I read the whole thing, and I might even read the next novel, but its not something Im holding my breath waiting on.
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Format: Kindle Edition
I really enjoyed this one, and it's certainly a good first novel. What some people may have called "inane banter", I call "witty dialog". I rather like good dialogue myself, and Stephen's good at that. Good dialogue isn't easy. It's kind of interesting though, as contrast the witty dialogue with some of the awkward mixed (or just sometimes plain wrong) metaphors in descriptive passages. For instance, right in the beginning of the book, he talks about warning lights going off like lemmings. What? I know what he was going for, but I had to read it twice to be sure that it said what I thought it said. There were others like that. They may not bother most, but I'm a little bit of a word nerd I guess, and i did find that mildly distracting.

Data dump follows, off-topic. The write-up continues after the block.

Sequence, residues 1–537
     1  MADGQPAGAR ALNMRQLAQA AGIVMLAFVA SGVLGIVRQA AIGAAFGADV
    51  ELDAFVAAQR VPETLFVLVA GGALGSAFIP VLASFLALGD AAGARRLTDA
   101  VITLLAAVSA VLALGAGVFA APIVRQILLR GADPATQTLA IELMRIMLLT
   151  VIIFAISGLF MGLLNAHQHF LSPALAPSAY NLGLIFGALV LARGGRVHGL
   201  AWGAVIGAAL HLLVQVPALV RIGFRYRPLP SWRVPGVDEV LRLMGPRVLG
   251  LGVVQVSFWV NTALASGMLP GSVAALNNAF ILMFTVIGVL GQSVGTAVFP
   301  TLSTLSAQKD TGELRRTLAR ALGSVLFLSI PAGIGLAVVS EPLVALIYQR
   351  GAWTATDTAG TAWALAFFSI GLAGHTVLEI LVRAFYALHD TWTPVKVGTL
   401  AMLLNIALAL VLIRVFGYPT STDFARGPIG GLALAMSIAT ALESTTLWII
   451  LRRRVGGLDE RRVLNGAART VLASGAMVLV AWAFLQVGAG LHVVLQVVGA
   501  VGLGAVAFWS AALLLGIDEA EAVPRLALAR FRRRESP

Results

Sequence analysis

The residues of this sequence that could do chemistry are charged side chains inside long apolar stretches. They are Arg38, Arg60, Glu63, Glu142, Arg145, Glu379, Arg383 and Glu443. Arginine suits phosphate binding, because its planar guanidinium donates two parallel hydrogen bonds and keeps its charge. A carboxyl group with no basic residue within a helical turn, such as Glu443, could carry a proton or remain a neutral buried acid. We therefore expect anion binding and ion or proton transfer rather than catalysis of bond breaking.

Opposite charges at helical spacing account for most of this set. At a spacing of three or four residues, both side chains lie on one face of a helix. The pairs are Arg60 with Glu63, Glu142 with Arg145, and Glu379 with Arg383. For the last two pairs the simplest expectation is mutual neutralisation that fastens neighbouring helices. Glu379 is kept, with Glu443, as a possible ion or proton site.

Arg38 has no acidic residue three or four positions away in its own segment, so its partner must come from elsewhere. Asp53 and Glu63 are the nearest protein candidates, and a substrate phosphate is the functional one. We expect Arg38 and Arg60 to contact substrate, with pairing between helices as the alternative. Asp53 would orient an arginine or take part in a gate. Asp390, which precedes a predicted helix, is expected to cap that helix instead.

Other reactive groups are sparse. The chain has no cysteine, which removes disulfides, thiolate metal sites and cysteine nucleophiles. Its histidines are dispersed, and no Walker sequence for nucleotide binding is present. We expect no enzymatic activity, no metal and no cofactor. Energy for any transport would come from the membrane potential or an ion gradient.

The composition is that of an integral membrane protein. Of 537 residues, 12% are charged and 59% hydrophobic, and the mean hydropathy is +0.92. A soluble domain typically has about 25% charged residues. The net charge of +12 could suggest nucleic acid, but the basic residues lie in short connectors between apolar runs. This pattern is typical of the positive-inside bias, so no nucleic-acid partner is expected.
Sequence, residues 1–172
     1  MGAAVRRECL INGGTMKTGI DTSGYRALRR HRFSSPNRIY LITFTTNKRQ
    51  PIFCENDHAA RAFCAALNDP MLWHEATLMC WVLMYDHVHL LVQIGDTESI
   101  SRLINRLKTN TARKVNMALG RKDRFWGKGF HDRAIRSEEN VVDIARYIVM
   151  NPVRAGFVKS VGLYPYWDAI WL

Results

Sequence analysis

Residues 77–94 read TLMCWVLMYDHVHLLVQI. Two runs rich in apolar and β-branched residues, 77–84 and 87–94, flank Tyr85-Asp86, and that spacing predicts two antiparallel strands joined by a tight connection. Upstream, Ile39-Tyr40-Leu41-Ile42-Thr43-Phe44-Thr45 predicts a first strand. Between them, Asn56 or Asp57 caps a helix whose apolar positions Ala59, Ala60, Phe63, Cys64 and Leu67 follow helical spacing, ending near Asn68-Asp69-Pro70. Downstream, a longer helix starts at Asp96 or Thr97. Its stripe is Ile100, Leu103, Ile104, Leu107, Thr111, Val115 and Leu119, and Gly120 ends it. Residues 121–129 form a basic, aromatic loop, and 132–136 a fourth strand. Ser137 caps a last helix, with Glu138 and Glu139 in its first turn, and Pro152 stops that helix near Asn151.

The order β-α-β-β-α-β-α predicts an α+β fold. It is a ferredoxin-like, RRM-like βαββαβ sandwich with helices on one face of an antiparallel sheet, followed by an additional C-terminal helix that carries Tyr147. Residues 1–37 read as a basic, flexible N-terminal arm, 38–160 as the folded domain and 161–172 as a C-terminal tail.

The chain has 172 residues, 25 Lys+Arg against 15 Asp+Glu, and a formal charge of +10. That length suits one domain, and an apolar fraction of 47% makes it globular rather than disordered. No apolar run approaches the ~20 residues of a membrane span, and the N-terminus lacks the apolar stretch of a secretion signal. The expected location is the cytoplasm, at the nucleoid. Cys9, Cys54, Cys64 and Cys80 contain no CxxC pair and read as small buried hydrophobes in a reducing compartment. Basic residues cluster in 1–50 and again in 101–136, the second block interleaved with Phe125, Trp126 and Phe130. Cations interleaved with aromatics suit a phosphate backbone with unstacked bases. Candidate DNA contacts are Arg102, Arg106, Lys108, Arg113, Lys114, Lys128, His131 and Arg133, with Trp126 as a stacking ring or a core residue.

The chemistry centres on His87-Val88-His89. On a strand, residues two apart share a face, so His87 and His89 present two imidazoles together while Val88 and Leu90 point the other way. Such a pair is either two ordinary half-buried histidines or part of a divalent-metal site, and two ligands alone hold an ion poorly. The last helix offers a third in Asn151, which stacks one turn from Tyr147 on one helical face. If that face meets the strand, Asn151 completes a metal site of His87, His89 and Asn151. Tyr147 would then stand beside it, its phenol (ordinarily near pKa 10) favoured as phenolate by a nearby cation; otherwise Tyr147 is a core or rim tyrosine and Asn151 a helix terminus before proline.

Anyway, what's not to like? Witty dialogue, a bit of mystery, some plot twists. Looking forward to the next book.
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Format: Paperback Verified Purchase
I really enjoyed this book. It satisfied my search for space fiction, adventure, and witty dialogue.

Not only is it fun, but it's clean. Anyone in my family (youngest is 13) can read it and I'm not worried about what they'll find, and yet it doesn't fall into the category so many books do, where the author thinks clean = sappy. No sappy stuff here, that's for sure. Dialogue flows smoothly and even the side characters are worth listening to.